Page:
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2020 3Wallball World Championships

FINAL DAY (10/18/20) LAS VEGAS — Championship Sunday started with the 3-Wall small ball doubles open final between Daniel/Luis Cordova and Carlos Flores/Isidro Garcia. The Cordova brothers were in full control of the first game, never letting Carlos Flores/Isidro Garcia get on the scoreboard; however, game two was a different story. Carlos Flores/Isidro Garcia came out hot, using the short sidewalls to their advantage. They were able to hold off the Cordova brothers and win 12-10. In the tiebreaker, the Cordovas returned to their first game form, keeping Carlos Flores/Isidro Garcia off-balance with great serves and kill shots, never letting up until they won championship point in the tiebreaker, 12-3. The Cordovas continue to show that no matter what type of court they play on, they are a force to be reckoned with. 


In the 1-Wall big ball open singles final, Tywan Cook continued his hot streak taking down James Aguilera 25-13. Cook then teamed up with his partner Nazir Marston to take down Aguilera and Samuel Sandford to slam the one wall division. Cook has been lights out this summer, winning the USHA One-Wall small ball nationals last month and now winning a 3wallball world title.


To finish off the day, Josef Gotsch and Anthony Hernandez took down Carlos Marin and Chris Tojin to win the 3-Wall big ball open doubles title. It capped off an incredible run by Gotsch and Hernandez, who hadn't played together before this fall and were in the draw as the 13 seed.


It was a job well done by the Vegas tournament staff and volunteers to put on a great and safe tournament for everyone. With 200 Handball players and 400 Racquetball players entered, they had their hands full but were well-prepared and up for the task.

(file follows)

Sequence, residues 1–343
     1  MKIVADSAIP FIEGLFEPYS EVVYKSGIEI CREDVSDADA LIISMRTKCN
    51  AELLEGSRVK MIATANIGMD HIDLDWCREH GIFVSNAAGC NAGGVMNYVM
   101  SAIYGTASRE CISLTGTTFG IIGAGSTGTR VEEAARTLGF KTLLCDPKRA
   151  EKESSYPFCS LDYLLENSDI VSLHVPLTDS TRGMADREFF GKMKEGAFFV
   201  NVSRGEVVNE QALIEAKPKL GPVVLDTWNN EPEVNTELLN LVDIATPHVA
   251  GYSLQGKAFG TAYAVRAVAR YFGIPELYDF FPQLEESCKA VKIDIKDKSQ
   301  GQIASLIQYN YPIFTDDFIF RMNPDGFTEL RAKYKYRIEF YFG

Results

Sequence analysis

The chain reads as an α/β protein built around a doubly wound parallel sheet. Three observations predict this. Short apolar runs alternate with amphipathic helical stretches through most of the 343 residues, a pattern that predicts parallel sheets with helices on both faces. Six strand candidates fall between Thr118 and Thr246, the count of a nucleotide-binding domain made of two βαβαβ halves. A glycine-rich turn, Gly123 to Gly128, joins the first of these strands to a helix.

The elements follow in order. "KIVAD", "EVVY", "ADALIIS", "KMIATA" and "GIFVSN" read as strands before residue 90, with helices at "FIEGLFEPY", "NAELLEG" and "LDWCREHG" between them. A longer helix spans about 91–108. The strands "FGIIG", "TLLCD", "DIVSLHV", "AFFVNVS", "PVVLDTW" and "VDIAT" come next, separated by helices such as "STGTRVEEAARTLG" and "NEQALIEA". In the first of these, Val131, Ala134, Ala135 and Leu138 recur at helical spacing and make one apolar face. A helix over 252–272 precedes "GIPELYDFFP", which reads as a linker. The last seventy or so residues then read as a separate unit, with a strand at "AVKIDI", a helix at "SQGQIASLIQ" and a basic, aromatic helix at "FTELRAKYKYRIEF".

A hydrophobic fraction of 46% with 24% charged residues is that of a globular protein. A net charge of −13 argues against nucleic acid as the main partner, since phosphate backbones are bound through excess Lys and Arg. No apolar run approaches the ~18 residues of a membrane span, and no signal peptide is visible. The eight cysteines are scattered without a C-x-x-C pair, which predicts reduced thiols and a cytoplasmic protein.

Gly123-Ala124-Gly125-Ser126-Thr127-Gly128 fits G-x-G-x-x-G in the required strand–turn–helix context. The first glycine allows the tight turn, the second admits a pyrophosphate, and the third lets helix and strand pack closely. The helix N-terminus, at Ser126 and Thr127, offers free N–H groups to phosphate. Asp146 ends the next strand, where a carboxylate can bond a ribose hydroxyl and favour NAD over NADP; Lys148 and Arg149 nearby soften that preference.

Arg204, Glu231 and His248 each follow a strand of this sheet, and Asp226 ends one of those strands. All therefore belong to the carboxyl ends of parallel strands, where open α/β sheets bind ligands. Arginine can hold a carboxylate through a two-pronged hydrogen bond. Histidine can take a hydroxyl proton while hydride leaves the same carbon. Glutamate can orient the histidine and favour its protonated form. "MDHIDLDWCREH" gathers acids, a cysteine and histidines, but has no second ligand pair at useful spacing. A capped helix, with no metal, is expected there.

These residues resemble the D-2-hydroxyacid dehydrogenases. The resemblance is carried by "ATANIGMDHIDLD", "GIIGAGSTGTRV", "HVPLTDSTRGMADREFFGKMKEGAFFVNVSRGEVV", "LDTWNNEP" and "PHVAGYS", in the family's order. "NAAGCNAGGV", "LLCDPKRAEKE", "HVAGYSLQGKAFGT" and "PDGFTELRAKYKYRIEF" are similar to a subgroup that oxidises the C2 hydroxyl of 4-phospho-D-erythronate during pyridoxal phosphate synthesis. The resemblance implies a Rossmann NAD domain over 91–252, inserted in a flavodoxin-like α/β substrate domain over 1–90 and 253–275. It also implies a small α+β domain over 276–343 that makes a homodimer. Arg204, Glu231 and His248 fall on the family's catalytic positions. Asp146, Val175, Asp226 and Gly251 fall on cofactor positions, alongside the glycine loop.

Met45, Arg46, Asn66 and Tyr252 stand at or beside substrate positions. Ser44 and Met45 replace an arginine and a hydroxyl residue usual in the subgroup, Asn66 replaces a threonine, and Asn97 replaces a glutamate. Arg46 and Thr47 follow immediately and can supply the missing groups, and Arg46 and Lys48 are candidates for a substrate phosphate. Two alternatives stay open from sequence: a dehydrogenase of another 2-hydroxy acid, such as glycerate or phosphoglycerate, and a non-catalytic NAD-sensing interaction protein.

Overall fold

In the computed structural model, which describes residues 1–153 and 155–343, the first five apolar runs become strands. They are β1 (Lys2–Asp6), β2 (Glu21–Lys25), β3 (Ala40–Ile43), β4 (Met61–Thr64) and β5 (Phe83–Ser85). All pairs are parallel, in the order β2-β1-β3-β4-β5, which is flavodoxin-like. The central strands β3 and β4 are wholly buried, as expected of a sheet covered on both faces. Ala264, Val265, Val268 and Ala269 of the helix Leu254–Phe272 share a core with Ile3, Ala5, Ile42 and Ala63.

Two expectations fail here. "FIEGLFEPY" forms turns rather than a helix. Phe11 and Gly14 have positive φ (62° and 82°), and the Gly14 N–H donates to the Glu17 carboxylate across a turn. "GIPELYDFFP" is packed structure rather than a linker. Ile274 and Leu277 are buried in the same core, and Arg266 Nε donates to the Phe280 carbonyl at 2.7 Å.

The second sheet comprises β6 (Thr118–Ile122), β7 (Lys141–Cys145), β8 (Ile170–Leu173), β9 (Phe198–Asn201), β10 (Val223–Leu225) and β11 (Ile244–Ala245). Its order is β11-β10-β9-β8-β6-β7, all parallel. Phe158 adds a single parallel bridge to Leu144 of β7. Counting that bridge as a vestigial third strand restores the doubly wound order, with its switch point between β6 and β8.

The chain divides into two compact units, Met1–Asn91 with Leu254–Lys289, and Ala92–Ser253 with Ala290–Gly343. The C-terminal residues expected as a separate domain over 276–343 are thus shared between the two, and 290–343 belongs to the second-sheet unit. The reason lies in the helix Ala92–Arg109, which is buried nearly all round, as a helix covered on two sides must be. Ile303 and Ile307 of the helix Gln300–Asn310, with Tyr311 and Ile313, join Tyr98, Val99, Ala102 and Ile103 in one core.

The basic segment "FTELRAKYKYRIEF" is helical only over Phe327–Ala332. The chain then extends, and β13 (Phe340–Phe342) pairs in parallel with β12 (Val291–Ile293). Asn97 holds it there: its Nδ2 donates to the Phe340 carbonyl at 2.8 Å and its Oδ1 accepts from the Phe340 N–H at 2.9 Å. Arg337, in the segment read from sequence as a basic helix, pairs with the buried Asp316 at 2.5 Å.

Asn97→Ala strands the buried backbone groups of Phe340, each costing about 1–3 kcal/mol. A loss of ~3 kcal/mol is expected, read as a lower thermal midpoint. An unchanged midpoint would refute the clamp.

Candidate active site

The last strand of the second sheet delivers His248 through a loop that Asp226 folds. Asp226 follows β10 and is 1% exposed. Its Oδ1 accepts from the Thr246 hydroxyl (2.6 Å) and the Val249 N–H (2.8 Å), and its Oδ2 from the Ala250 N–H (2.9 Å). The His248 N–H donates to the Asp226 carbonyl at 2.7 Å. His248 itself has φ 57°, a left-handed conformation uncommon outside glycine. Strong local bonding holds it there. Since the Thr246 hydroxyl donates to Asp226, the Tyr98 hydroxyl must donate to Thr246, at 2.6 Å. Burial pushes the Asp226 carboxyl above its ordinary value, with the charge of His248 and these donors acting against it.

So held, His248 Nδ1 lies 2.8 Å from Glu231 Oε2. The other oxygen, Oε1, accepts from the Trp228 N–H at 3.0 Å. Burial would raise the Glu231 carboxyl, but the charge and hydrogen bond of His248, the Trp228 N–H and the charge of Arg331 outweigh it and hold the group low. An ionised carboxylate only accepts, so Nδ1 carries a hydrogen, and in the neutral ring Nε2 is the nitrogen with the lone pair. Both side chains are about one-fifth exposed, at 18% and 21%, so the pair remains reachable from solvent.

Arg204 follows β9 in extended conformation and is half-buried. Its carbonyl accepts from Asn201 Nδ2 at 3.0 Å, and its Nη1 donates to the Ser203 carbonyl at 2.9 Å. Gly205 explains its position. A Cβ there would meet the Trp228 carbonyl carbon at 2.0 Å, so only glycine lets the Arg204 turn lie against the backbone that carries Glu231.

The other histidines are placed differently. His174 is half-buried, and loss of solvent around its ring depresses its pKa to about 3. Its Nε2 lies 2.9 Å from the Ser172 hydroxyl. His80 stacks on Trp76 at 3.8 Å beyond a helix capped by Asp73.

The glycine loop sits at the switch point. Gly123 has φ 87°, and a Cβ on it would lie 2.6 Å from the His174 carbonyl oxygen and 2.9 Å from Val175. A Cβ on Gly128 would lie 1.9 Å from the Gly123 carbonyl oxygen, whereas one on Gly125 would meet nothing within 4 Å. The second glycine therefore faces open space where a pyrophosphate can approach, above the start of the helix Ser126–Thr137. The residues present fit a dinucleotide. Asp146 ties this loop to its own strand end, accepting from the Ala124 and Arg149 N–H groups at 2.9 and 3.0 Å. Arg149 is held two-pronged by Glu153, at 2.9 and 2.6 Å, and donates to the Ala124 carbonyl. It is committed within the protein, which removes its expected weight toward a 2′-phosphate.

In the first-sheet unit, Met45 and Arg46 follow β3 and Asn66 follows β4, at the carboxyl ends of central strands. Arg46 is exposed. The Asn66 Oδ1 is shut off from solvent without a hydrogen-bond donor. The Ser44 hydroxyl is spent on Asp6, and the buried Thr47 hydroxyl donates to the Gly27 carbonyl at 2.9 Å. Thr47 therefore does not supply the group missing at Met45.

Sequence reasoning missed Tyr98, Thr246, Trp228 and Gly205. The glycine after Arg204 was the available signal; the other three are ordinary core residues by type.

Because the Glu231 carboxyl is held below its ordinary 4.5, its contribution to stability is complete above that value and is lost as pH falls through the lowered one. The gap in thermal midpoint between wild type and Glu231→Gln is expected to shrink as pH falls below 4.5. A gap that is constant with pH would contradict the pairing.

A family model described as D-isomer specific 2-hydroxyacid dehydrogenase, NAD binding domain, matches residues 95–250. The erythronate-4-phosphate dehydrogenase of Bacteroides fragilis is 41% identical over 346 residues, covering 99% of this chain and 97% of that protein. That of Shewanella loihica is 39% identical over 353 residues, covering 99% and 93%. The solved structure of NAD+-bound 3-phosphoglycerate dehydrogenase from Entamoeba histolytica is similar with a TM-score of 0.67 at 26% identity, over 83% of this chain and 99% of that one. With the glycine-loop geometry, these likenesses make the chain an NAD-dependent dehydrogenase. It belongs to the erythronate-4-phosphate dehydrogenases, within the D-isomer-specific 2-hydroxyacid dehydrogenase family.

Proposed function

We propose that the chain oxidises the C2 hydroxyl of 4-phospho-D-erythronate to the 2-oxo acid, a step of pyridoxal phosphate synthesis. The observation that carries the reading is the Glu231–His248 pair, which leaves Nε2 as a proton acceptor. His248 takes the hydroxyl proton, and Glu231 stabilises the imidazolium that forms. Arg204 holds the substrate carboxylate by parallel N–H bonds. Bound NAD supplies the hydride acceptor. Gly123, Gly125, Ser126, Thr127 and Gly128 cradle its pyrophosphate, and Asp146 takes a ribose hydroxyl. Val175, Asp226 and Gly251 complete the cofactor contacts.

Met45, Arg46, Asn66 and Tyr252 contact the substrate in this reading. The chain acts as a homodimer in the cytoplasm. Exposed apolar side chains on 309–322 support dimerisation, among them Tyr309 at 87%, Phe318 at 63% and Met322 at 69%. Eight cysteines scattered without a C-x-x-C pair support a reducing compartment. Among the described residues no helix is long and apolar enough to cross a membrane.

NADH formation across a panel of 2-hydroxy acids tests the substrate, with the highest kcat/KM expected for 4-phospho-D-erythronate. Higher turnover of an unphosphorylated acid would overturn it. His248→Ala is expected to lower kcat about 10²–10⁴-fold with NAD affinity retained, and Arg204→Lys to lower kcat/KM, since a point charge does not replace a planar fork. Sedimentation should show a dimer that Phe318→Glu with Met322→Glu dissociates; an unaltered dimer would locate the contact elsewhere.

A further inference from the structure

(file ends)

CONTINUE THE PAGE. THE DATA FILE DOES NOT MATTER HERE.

You can see the results of all of the brackets here. Thank you!



DAY 2 (10/17/20) - LAS VEGAS-- Day 2 in Las Vegas was another long day of handball in the sun with players taking the court at 8:30 a.m. and playing late into the evening.  

The highlight of the day was the 3-Wall small ball singles finals, where brothers Daniel and Luis Cordova faced off. Daniel was able to dominate the first game with deep hop serves that earned him easy setups in the frontcourt. He held off a late comeback from Luis to win the first game 12-6. The second game Luis stepped it up, hitting deep power serves and putting down the ball nearly every time he went for a kill shot. Luis took the second game 12-7. The tiebreaker was tight the whole game, but Luis was able to use the short sidewalls (they only go to the short line) to his advantage, making Daniel run side to side. He was able to finish off Daniel 12-8 and take home the title. The brothers will team up tomorrow to take on Carlos Flores and Isidro Garcia for the 3-Wall small ball doubles title.

In the 3-Wall big ball doubles, the 13 seed Josef Gotsch and Anthony Hernandez made an incredible run to the finals upsetting everyone in their path. They will take on the 2 seed Carlos Marin and Chris Tojin tomorrow for the championship.

The 1-Wall Big Ball doubles finals will be between the defending USHA small ball 1-wall champion Tywan Cook and his partner Nazir Marston vs James Aguilera and Samuel Sandford. Both teams have made the trip down from New York and have represented their state well in Vegas. Tywan will also compete for the 1-Wall singles championship tomorrow.

Lastly, in the open Big Ball 3-Wall singles division, 4 players remain, and they will kick off the day tomorrow with their semifinals. All of the top 4 seeds have been eliminated so it will be an upset regardless of who wins.